Retail replenishment just got a little trickier with the announcement, by Walmart, that the retailer is instituting stricter supplier requirements for On Time In Full (OTIF) inbound deliveries to its distribution centers. And there will be a cost to non-compliance. Items that are late or missing during a one-month period will incur a fine of 3 percent of their value.
Suppliers are understandably concerned with the new policy, which kicks in February 2018. But, rather than using this just more fodder to feed supplier angst over chargeback fines, suppliers can use this as an opportunity for differentiation.
Walmart clearly sees a huge financial advantage to on time in full in terms of operating efficiency. Suppliers who step up to meet the new KPIs can gain favored supplier status and earn more market share.
OTIF for Store Replenishment
Walmart’s OTIF policy has been implemented to improve efficiency. With increasing competition from Amazon, “Walmart has to find efficiencies wherever it can,” says Laura Kennedy, an analyst at Kantar Retail in a recent Bloomberg article. “They’re trying to squeeze and squeeze and squeeze.”
Here are the main elements of the policy in a nutshell:
- Full-truckload (FTL) suppliers of fast-turning items – groceries, paper towels – must, according to Walmart “deliver what we ordered 100 percent in full, on the must-arrive-by date 75 percent of the time.” For FTL, this KPI will climb to 95 percent as of February 2018
- Items that are late or missing during a one-month period will incur a fine of 3 percent of their value.
- Today, LTL suppliers are expected to deliver on-time 33 percent of the time. This KPI will rise to 36 percent on time in full delivery as of February 2018
Walmart is not unique in pressuring suppliers to comply with ever-increasing routing demands. A KANE/Auburn University study on retailer-supplier relationships found that, among the 110 supplier contacts interviewed, small to mid-sized suppliers are particularly frustrated at their inability to connect with their large retail customers on compliance and other issues. As one survey respondent put it: “The retailers are killing us – constantly changing delivery and inventory demands and then imposing punitive actions for non-compliance.”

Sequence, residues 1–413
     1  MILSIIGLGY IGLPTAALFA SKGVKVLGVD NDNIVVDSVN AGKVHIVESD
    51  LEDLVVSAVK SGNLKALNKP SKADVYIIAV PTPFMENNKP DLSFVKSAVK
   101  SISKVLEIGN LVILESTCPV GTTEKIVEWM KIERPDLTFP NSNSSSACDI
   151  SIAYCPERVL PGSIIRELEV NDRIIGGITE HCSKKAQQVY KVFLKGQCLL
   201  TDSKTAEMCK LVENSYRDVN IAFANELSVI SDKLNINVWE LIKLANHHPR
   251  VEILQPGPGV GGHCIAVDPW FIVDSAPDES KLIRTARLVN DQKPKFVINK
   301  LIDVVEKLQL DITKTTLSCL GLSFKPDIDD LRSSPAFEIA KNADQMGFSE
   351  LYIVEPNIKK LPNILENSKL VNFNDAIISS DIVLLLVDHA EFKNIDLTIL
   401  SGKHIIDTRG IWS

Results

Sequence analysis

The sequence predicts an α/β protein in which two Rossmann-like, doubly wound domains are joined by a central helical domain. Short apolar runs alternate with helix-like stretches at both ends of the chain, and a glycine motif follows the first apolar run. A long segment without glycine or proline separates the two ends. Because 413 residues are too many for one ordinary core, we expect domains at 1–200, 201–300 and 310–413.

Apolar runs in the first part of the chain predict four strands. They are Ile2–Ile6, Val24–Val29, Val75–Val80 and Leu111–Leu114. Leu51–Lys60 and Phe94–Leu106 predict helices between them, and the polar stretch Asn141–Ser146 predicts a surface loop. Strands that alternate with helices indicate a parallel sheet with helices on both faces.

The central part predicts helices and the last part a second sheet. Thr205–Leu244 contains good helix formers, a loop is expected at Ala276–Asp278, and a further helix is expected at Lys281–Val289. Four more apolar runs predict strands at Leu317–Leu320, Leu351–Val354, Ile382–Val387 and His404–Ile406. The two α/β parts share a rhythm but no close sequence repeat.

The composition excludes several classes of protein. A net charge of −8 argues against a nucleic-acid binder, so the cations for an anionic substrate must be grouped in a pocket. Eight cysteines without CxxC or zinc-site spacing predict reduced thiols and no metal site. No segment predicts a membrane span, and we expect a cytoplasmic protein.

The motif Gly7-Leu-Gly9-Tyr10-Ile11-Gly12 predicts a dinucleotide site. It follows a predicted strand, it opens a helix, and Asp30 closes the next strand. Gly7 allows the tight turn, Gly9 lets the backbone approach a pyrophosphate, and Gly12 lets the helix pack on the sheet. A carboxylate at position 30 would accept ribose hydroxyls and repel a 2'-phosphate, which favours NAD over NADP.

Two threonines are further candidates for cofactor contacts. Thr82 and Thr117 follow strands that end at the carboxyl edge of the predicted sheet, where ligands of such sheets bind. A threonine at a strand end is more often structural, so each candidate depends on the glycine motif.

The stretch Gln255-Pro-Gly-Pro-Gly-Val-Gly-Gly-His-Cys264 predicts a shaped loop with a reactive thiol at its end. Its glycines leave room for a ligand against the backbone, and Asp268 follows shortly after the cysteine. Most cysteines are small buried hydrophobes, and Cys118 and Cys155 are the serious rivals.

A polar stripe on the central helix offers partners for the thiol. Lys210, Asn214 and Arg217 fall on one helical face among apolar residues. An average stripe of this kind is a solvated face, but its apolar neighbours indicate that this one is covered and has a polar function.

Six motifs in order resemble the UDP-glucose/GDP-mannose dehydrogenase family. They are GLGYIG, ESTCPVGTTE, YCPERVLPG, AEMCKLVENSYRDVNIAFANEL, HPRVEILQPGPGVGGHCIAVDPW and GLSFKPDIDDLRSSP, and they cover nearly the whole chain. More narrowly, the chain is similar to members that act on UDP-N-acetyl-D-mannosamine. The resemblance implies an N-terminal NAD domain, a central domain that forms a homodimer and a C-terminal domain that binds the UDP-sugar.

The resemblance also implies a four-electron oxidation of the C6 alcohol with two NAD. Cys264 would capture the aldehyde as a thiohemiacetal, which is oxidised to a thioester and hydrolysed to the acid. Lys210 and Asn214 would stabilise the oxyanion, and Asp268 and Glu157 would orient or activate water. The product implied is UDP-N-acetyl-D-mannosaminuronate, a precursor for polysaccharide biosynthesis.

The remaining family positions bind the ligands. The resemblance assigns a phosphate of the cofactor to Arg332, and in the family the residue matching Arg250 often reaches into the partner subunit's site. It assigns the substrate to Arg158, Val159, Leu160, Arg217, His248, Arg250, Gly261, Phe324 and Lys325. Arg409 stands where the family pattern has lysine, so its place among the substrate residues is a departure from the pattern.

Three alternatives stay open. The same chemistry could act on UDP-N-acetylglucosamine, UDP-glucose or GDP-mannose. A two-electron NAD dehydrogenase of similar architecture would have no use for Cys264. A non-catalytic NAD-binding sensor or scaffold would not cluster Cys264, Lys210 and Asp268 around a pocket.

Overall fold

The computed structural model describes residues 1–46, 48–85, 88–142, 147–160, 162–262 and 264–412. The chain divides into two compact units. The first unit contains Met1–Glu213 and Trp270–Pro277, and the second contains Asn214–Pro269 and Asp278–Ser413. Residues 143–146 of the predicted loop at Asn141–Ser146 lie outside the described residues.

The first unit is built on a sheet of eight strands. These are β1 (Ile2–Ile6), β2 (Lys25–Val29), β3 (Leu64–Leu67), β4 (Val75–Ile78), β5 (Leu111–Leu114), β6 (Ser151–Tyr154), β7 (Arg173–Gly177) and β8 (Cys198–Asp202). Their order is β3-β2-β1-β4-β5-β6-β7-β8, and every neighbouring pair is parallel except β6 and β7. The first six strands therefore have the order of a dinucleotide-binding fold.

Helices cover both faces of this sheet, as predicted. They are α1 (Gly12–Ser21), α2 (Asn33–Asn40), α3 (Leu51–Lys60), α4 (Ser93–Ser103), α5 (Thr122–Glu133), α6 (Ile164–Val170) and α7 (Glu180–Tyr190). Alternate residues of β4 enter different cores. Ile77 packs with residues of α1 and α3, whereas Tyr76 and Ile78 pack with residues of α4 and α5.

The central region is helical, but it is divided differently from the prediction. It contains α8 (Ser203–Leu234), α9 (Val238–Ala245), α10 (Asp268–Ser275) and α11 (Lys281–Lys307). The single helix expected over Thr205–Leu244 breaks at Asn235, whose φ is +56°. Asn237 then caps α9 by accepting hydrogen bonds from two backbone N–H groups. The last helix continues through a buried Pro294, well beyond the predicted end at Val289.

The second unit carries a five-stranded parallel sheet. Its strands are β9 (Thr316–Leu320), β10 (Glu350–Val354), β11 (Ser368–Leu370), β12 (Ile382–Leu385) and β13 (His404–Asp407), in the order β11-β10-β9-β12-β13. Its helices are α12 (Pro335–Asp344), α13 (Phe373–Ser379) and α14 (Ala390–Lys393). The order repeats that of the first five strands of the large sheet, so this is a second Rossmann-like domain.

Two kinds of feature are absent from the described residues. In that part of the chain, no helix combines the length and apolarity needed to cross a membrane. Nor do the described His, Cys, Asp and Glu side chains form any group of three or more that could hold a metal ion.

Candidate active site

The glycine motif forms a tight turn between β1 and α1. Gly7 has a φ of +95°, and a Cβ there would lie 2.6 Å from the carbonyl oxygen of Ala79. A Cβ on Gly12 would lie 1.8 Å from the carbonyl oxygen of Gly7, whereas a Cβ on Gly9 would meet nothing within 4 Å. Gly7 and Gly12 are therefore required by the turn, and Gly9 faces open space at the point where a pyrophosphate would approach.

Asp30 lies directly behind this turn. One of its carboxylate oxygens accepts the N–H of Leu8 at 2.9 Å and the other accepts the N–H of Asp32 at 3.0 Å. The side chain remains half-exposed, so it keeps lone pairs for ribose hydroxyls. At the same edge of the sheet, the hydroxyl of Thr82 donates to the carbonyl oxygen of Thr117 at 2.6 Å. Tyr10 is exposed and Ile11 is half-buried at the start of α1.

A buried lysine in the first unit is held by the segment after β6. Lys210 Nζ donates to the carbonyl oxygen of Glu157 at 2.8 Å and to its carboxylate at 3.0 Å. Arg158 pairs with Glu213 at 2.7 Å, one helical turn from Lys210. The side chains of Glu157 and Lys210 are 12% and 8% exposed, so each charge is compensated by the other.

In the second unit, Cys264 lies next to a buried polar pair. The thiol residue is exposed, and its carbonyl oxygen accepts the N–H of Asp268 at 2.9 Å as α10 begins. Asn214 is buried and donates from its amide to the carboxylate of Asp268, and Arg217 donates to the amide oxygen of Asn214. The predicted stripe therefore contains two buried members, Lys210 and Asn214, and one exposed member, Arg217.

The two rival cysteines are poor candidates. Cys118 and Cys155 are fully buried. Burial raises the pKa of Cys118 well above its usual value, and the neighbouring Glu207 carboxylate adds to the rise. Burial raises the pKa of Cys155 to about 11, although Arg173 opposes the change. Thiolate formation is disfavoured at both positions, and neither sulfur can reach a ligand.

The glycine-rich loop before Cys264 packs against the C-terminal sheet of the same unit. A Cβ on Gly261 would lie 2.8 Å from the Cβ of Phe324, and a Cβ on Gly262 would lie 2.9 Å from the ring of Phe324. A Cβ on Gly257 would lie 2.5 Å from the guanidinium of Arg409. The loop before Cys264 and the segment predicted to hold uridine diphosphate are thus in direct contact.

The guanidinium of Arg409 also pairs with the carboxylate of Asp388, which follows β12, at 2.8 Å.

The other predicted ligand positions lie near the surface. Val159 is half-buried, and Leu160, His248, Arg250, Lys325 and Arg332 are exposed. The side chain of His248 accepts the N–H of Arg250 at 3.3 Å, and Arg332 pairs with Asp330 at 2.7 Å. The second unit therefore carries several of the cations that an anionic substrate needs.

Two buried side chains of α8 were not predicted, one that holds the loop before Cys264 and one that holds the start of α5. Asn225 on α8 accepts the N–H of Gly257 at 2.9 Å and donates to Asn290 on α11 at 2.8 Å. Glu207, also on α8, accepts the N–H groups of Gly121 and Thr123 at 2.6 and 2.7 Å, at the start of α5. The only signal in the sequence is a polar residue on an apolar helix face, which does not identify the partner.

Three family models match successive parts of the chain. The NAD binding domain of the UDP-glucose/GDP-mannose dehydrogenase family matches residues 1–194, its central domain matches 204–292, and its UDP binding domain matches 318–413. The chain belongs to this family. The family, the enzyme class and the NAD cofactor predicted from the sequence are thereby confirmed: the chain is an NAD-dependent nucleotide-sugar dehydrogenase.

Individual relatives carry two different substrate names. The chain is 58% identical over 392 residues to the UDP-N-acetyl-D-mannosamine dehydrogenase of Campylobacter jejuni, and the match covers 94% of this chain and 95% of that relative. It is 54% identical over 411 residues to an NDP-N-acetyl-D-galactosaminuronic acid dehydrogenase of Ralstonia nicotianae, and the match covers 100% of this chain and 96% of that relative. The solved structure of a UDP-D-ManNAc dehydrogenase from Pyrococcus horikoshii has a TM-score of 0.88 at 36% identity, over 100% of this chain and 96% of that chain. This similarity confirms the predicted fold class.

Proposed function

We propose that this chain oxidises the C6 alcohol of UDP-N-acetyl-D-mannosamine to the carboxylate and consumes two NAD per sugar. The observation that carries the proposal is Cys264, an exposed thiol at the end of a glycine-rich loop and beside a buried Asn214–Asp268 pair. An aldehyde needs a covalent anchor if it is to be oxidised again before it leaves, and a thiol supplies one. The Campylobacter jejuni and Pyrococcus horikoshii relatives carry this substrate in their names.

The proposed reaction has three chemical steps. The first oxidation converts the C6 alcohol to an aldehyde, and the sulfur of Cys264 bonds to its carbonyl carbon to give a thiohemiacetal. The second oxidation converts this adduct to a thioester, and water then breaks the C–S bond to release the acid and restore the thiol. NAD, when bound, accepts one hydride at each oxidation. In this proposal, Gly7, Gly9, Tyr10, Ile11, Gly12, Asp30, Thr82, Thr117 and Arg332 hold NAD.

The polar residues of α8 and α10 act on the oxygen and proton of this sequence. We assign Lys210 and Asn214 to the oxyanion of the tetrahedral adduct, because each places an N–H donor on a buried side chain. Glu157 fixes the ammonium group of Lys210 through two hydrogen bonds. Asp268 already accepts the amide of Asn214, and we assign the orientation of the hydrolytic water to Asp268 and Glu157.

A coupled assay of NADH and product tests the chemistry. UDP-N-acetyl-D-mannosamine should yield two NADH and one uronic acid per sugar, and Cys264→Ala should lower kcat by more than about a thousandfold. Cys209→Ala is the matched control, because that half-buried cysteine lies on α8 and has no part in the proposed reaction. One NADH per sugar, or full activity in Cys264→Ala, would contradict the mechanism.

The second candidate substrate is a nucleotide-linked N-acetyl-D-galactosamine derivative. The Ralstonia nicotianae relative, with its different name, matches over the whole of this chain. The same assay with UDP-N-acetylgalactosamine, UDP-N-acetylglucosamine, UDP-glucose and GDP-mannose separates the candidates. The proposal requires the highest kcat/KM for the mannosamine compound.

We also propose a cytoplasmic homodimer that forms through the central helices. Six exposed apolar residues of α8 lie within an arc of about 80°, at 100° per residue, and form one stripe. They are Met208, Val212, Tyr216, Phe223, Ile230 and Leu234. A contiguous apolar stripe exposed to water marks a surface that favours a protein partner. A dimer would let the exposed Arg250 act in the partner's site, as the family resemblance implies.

Using OTIF as an Opportunity
Despite any uproar about the new on time in full policy, Walmart – just like other large retailers with similar policies – stands to benefit greatly from OTIF. Why? Because their set performance metrics are going to improve. Why? Because Walmart has mandated that they must improve.
It really is that simple. Big retailers hold all the cards in these situations and suppliers must meet the requirements or risk losing the business.
For suppliers, this can be a tremendous opportunity. When a big retailer throws down the gauntlet like this, not every supplier will rise to the challenge. That opens the door for those who can.
Optimize Your Operation and Vendor Performance
For Walmart suppliers, the obvious starting point for assessing compliance with the stricter requirements is where you are at today. Once you understand your current performance versus the future standard, it’s not hard to estimate the potential cost to your company (3 percent of product value) for non-compliance.
If that number looks scary, well, you’ve got some work to do.
But you’re not alone. Many 3PLs specialize in retail logistics, working with CPG companies and ship daily to Walmart, Target, CVS and large grocery retailers. Based on this experience, they are well-versed in routing guide compliance and helping small to mid-sized supplier meet retailer demands.
Need help in responding to this latest operational requirement from Walmart? Contact KANE today to discuss how you can turn this requirement into an opportunity.